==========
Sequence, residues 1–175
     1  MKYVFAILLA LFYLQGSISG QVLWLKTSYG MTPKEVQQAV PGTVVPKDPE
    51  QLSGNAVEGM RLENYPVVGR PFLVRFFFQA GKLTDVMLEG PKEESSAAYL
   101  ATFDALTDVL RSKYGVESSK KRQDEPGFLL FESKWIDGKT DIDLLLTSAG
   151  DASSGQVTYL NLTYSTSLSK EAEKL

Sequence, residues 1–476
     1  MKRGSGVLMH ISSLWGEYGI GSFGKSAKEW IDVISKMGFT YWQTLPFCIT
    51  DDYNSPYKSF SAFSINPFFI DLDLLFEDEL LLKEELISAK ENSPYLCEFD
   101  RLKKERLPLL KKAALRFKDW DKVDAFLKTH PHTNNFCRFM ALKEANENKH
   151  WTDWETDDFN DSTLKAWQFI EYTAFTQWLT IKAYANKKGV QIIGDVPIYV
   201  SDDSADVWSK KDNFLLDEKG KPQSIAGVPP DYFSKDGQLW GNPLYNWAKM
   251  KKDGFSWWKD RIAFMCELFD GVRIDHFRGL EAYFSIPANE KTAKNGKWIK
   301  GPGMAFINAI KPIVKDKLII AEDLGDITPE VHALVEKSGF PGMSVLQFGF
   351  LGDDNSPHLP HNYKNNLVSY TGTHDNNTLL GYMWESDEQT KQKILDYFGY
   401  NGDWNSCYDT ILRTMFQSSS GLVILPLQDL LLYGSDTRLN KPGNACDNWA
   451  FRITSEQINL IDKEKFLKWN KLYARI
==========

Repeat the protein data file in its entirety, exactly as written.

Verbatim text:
Sequence, residues 1–175
     1  MKYVFAILLA LFYLQGSISG QVLWLKTSYG MTPKEVQQAV PGTVVPKDPE
    51  QLSGNAVEGM RLENYPVVGR PFLVRFFFQA GKLTDVMLEG PKEESSAAYL
   101  ATFDALTDVL RSKYGVESSK KRQDEPGFLL FESKWIDGKT DIDLLLTSAG
   151  DASSGQVTYL NLTYSTSLSK EAEKL

Sequence, residues 1–476
     1  MKRGSGVLMH ISSLWGEYGI GSFGKSAKEW IDVISKMGFT YWQTLPFCIT
    51  DDYNSPYKSF SAFSINPFFI DLDLLFEDEL LLKEELISAK ENSPYLCEFD
   101  RLKKERLPLL KKAALRFKDW DKVDAFLKTH PHTNNFCRFM ALKEANENKH
   151  WTDWETDDFN DSTLKAWQFI EYTAFTQWLT IKAYANKKGV QIIGDVPIYV
   201  SDDSADVWSK KDNFLLDEKG KPQSIAGVPP DYFSKDGQLW GNPLYNWAKM
   251  KKDGFSWWKD RIAFMCELFD GVRIDHFRGL EAYFSIPANE KTAKNGKWIK
   301  GPGMAFINAI KPIVKDKLII AEDLGDITPE VHALVEKSGF PGMSVLQFGF
   351  LGDDNSPHLP HNYKNNLVSY TGTHDNNTLL GYMWESDEQT KQKILDYFGY
   401  NGDWNSCYDT ILRTMFQSSS GLVILPLQDL LLYGSDTRLN KPGNACDNWA
   451  FRITSEQINL IDKEKFLKWN KLYARI